Beauty Sleep and Screen Time
OK, so you know that sleep is important. You’ve heard that good sleep improves your memory, concentration, and motivation. It makes you healthier, helps you lose weight or get fit, reduces anxiety and increases positive hormones in your body. It protects against depression and other mental illness — and it even makes your skin look younger. You’re in. You want to sleep better and look after your health. But did you know that one of the biggest challenges for good quality sleep in our modern lives are those things that we carry with us everywhere we go...our screens? Your phone, tablet, laptop, and even your TV all reduce your chances of getting a good night’s sleep. Why do screens affect sleep so much?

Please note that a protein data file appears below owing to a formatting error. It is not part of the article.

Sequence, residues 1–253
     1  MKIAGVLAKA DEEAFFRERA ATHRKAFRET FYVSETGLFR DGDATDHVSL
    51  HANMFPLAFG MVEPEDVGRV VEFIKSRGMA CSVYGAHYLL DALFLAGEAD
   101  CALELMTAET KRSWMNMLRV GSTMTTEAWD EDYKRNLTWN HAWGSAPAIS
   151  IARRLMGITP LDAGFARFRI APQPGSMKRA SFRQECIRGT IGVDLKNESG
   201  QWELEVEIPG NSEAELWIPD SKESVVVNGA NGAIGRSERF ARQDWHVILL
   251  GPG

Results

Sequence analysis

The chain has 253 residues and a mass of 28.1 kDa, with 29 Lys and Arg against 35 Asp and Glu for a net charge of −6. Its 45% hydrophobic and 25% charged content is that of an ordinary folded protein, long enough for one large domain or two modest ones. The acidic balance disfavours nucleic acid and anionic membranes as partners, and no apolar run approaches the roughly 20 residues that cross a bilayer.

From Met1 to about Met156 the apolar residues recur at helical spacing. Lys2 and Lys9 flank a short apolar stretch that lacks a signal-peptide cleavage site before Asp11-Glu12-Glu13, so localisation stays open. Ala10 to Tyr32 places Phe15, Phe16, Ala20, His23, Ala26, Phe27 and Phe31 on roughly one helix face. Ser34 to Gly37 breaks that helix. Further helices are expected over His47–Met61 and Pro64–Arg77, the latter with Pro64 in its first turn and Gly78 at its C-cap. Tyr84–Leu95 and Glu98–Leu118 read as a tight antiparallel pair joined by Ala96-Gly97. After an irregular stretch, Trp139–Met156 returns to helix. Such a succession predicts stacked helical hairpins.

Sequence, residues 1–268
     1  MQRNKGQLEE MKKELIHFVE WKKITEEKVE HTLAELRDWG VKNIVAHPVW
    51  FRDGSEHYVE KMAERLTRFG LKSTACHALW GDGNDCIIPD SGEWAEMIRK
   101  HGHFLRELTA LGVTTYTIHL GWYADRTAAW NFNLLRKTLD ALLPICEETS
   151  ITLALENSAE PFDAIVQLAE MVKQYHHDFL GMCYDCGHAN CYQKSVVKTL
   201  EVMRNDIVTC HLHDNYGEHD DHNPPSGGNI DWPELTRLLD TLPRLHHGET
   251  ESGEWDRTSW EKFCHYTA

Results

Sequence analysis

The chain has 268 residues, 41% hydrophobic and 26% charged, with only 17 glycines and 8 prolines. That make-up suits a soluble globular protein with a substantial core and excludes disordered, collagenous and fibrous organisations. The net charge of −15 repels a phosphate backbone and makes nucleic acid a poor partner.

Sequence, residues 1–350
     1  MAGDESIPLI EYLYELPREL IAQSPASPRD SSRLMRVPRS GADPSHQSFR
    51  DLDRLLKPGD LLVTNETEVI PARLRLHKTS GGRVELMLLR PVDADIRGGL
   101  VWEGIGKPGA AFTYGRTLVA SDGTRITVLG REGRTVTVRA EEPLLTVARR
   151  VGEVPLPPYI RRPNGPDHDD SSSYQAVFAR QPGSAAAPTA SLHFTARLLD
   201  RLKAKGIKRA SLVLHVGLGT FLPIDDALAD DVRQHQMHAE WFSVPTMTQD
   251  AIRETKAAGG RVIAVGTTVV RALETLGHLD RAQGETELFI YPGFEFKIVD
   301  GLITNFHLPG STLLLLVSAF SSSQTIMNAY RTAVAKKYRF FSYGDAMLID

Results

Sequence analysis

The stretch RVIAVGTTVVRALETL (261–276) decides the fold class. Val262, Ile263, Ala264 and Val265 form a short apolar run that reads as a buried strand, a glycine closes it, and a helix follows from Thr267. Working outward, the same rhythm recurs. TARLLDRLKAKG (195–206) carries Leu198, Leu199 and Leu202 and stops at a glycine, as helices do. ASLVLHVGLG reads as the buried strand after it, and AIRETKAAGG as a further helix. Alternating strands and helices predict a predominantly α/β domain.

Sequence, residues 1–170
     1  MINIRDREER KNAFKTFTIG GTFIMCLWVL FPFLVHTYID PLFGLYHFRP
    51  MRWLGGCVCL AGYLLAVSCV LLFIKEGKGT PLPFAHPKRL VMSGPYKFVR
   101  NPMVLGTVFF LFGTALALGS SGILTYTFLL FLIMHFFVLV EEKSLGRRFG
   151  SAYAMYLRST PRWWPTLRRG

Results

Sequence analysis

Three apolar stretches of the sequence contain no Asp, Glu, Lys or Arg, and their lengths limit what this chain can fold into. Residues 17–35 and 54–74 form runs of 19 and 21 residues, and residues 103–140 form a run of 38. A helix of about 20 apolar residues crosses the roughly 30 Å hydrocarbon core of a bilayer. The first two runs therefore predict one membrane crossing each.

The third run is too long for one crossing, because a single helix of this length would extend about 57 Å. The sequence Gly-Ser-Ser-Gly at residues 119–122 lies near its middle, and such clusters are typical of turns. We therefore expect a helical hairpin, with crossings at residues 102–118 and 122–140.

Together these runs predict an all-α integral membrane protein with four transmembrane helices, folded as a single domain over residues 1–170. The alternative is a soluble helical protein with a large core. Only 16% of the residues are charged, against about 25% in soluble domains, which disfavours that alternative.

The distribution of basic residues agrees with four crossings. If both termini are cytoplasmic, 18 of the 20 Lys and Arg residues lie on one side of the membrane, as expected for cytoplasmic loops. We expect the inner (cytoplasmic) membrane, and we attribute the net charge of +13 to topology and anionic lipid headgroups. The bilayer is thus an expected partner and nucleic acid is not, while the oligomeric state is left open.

Research published by the American National Sleep Foundation shows that screen time before bed has a number of worrying effects: • it delays your internal body clock, or your circadian rhythm, so your body doesn’t know it’s time for sleep and you don’t get natural feelings of sleepiness. • it suppresses the release of hormones that are vital for getting sleepy and falling asleep. In particular, it reduces the release of melatonin, a vital hormone for creating physiological feelings of sleepiness. • the blue light emitted by screens increases your body’s alertness, making you feel awake or wired. • the content you’re exposed to via your screens stimulates your brain — making your mind race, and triggering anxiety in those who are susceptible to it. So the more you look at electronic devices in the evening, the more likely that you won’t fall asleep easily, or will wake up unnecessarily during the night. This is no big deal for one night, or even a few nights in a row; but over time, the impact of regular evening screen exposure can creative chronic sleep disorders. So, what to do? Lots of us look for a solution to the negative effects of evening screen time that will allow us to keep on using our devices. We try fitting coloured filters on our screens, or apps that reduce blue light emission. But the reality is that the only solution is the one that is healthiest for you: turn off your screens for at least one hour before bed, and more if possible. Opt for reading a physical book instead, or practicing a gentle stretching routine, or simply talking face-to-face with a housemate, partner, or relative. The final hours of the day are the perfect time to ground yourself in your body and arrive calmly in the present moment. Switch of, let go of those digital demands that weigh on your life, and be right here, right now. You’ll fall asleep quicker and sleep more deeply. And you’ll wake up feeling refreshed, energised, and ready to take on the challenges of a new day.